Before launching his career in New York as a costume painter and dyer, the Bethlehem, PA, native earned an M.F.A. in design from the University of Illinois. On Broadway, Hornung first worked as an assistant designer on shows such as Brighton Beach Memoirs before becoming a full-fledged costume designer on productions like Candida.
It was the Coen brothers who gave Hornung his break in movies on Raising Arizona (1986). He would continue designing for Coen films with The Hudsucker Proxy (1994). Hornung worked with other filmmakers too, including Oliver Stone on Nixon (1995) and Stephen Frears on The Grifters (1990). Hornung's final screen designs can be seen in City Hall (1996).
"I loved [costume designer] Richard Hornung immediately: He was handsome and smart and wry and dry and witty and the perfect choice for "The Grifters" (1990). Since Annette Bening and my character get mixed up at one point in the movie, and since we don't look alike in the least, it occurred to me that it might be a better idea to emphasize not out faces but our backs. I had a great dress that Azzedine Alaia had given me (in Paris): forest green, made of silk jersey knit, with crossed straps over a naked back. Richard loved the idea but decided to make the dress in deep red, "the color of clotted blood." "This film is essentially about poor people, and in the terms of the design, that means a distinct sense of space and color. You try to get the emotional temperature of a scene right visually by color, which Richard Hornung rightfully attached enormous importance to. And it's always good for the cinema to have to deal with emotion." Anjelica Houston
Hornung died of complications from AIDS on December 30, 1995.
Dressed: A Century of Hollywood Costume Design by Deborah Nadoolman Landis
Hardcover: 592 pages
Publisher: Harper Design; 1ST edition (November 27, 2007)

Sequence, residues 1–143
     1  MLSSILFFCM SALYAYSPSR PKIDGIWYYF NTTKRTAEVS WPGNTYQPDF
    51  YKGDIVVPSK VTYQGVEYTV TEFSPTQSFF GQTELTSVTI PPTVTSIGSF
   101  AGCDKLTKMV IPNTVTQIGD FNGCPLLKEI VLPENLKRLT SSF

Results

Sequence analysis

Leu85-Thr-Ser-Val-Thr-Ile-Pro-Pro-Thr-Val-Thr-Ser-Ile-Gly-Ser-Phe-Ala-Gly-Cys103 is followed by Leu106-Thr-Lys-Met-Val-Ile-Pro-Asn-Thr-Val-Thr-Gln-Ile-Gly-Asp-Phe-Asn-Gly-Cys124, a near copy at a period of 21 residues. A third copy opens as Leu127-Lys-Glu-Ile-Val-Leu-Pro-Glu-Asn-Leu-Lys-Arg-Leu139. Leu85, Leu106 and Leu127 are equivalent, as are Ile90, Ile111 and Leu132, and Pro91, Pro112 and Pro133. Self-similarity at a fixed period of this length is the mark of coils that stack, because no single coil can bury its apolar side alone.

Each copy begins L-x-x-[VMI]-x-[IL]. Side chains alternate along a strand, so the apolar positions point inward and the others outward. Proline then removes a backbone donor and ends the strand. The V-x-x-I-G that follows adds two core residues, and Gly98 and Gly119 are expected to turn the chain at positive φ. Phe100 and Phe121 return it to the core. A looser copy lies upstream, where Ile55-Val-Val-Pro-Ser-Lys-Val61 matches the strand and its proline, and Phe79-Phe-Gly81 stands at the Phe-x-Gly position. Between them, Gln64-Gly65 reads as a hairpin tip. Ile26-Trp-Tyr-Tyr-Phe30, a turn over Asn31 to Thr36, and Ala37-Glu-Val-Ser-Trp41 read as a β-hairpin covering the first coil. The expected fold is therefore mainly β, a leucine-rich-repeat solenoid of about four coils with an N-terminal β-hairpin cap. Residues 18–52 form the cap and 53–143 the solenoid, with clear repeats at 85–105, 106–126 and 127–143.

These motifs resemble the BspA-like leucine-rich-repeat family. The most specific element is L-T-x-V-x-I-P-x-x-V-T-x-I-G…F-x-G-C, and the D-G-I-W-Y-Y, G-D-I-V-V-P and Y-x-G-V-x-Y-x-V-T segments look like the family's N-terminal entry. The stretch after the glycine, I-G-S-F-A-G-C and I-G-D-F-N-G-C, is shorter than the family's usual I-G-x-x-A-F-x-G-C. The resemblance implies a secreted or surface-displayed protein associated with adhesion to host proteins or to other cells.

Amazon: Dressed: A Century of Hollywood Costume Design
From the lavish productions of Hollywood's Golden Age through the high-tech blockbusters of today, the most memorable movies all have one thing in common: they rely on the magical transformations rendered by the costume designer. Whether spectacular or subtle, elaborate or barely there, a movie costume must be more than merely a perfect fit. Each costume speaks a language all its own, communicating mood, personality, and setting, and propelling the action of the movie as much as a scripted line or synthetic clap of thunder. More than a few acting careers have been launched on the basis of an unforgettable costume, and many an era defined by the intuition of a costume designer—think curvy Mae West in I'm No Angel (Travis Banton, costume designer), Judy Garland in A Star is Born (Jean Louis and Irene Sharaff, costume designers), Diane Keaton in Annie Hall (Ruth Morley, costume designer), or Harrison Ford as Indiana Jones in Raiders of the Lost Ark (Deborah Nadoolman Landis, costume designer).
In Dressed: A Century of Hollywood Costume Design, Academy Award-nominated costume designer Deborah Nadoolman Landis showcases one hundred years of Hollywood's most tantalizing costumes and the characters they helped bring to life. Drawing on years of extraordinary research, Landis has uncovered both a treasure trove of costume sketches and photographs—many of them previously unpublished—and a dazzling array of first-person anecdotes that inform and enhance the images. Along the way she also provides and eye-opening, behind-the-scenes look at the evolution of the costume designer's art, from its emergence as a key element of cinematic collaboration to its limitless future in the era of CGI.
A lavish tribute that mingles words and images of equal luster, Dressed is one book no film and fashion lover should be without.
More LGBT History at my website: http://www.elisarolle.com/, My Ramblings/Gay Classics
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